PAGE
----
In honor and recognition of Veterans Day, area veterans, who also are members of American Legion Post 62, were invited to share some details of their military service and offer their thoughts on what Nov. 11 means to them.

Growing up, Patrick Norris, 74, of Huddleston, was one of eight boys. “Out of all the boys, they all went into the Army, Marine Corps and Air Force,” he recalled. “So I thought, ‘OK, I’ll complete this cycle and join the Navy.’ I took the Navy, and I was the only one.”

Norris spent 6½ years in the military. “I was a ground-pounder as we called them,” he said. “I was in aviation. I repaired aircraft. I’ve been on aircraft carriers, but I also served time in Guam and the Mariana Islands. My last duty station was Sanford, Florida.”

When asked what he wanted future generations to know about veterans, Norris replied, “Honor and respect. That’s two things that are missing, and I’d like to see it come back.”

Ron Roseveare, 78, lives in the Cedar Key community of the lake. He joined the Navy Reserves in 1957 and served the Navy on active duty for 2½ years.

“As a teenager, I was in the Sea Scouts and always loved being around the water,” Roseveare said. “So when it looked like I may be drafted, I picked the Navy.”

While he did not witness combat during his time in the military, Roseveare said, “I served on a destroyer, which was assigned as a recovery ship to the first space capsule program.”

To commemorate Veterans Day, Roseveare places flags on veterans’ graves to recognize their service to the country.

“I have had several close family members serve in combat in World War II and witnessed their personal sacrifices,” he said.

Hardy resident Mike Herron, 72, was drafted into the military out of high school. He served for four years, from 1966-70 in the Navy Air (Flight Squadron VP 8).

“I was in an anti-submarine warfare unit,” Herron said. “Our responsibility was to protect the fleet from submarine threats and to patrol the East Coast of the United States from Soviet Union threat.”

Herron visited many countries, including Iceland, Greenland, Newfoundland, Spain, Portugal, Bermuda and New Zealand.

For him, Veterans Day is a time of reflection. “It is a day of remembrance for those who served and those who serve today, protecting us all around the world from the evils that would do us harm,” Herron said. “I spend the day thinking of my fellow veterans that I served with and those who throughout all the wars that gave so much for all of us, including the ultimate sacrifice.”

Herron wants younger generations to know that he was proud to have served his country and to understand the significance of the flag. “I’m not sure that the younger generations look at our flag the way veterans do,” he said. “Even the colors of Old Glory means so much to veterans — red for valor and bravery, white for purity and innocence and blue for vigilance and justice.”

Thomas Faull of Moneta was drafted into the Army and served two years starting in 1962 with the majority of his service (18 months) as a military policeman guarding bunkers and missiles.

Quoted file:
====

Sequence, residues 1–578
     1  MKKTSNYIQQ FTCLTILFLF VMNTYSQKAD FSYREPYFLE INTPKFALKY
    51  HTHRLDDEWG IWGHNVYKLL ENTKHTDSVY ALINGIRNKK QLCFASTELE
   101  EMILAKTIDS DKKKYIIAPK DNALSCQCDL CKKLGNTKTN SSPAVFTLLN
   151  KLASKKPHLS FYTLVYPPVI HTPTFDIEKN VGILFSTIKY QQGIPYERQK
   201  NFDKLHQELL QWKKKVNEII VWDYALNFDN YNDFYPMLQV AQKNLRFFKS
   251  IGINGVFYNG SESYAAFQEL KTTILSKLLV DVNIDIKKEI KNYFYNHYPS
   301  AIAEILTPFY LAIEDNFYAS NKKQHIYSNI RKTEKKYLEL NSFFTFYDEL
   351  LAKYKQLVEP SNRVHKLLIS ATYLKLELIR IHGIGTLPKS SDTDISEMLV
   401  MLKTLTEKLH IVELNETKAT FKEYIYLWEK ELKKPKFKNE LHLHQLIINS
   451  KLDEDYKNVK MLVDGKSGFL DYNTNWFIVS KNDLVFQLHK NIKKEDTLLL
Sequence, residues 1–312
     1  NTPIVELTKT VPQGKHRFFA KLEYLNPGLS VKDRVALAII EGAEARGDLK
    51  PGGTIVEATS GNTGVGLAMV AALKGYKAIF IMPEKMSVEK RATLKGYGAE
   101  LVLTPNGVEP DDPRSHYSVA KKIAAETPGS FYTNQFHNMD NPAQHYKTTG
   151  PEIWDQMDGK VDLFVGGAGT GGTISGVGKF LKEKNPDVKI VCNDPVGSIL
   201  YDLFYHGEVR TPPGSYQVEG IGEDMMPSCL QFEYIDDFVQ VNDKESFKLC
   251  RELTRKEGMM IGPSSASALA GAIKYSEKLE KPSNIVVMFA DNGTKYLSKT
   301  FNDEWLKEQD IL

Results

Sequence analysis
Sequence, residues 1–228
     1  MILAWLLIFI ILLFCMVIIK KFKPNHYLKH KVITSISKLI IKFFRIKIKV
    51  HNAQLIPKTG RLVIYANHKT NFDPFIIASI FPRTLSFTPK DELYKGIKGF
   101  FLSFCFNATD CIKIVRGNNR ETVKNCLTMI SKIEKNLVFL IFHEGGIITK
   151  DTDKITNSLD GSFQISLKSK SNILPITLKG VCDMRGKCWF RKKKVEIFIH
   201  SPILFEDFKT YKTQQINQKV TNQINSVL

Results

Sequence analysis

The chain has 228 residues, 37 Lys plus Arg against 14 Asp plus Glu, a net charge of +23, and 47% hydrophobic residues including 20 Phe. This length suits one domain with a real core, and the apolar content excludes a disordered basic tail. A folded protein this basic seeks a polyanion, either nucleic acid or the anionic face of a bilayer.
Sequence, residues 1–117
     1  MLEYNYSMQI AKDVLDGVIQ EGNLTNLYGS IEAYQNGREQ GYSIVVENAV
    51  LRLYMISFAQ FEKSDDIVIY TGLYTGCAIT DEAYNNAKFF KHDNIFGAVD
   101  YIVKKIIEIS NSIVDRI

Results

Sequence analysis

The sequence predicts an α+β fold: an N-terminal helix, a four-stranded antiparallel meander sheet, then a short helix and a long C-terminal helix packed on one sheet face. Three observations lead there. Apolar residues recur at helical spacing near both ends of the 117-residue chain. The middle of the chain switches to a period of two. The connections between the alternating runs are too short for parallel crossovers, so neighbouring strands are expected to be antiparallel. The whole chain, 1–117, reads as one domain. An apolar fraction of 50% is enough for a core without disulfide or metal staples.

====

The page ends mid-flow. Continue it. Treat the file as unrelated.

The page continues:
To Faull, who is now 80, Veterans Day is “a reminder of all of the service personnel who died or who are missing, protecting our freedom, as well as those who served or who are currently serving to protect our country and freedom.”

When asked what he wanted future generations to know about him and other veterans, Faull responded, “Respect the military for what they have done or are doing to protect our freedom.”

Moneta resident Gary Miller served for 23 years in the Army, Army Reserves and National Guard. Although his active duty service was during the Vietnam era, he did not witness combat. Upon his retirement, Miller, 66, joined the American Legion and in July was installed as post commander of American Legion Post 62.

“I feel great having been able to be a member of the American Legion,” Miller said. “It is important for all veterans to be in an organization supporting all vets past and present.”

Longtime American Legion member Earl Jacquot, 86, was called up to the Navy from the Naval Reserves and served from 1950-54 during the Korean War. “I was stationed on the aircraft carrier Franklin Delano Roosevelt CV-42,” he recalled. “I came aboard as a journalist, but became a 5-inch gunner.”

One of the most memorable events during Jacquot’s time in the Navy was participating in Exercise Mainbrace, a large-scale exercise in September 1952 that involved naval forces from nine countries who displayed their battle readiness for the Soviet Union.

After his time in the service, Jacquot returned to his hometown of Cincinnati and joined the American Legion. In 2018, he was recognized as one of the organization’s longtime members with 60 years of service.

To commemorate Veterans Day, Jacquot and other chapter members will host a ceremony at the memorial at the Moneta/SML Library at 10:30 a.m. on Nov. 11. “It’s our way of keeping our legacy alive and knowing the sacrifices we have made to keep our freedom out of harm’s way.”

Like other veterans, Nov. 11 is a time of remembrance for Jacquot. “Freedom does not come without a personal price,” he said. “We can never take it for granted. So we as veterans must keep this legacy in the forefront for future generations.”